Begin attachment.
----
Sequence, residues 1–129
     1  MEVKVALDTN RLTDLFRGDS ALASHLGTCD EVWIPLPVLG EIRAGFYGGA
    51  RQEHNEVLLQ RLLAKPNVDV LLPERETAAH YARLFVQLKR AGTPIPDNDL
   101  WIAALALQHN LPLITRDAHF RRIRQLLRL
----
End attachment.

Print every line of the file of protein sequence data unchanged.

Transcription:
Sequence, residues 1–129
     1  MEVKVALDTN RLTDLFRGDS ALASHLGTCD EVWIPLPVLG EIRAGFYGGA
    51  RQEHNEVLLQ RLLAKPNVDV LLPERETAAH YARLFVQLKR AGTPIPDNDL
   101  WIAALALQHN LPLITRDAHF RRIRQLLRL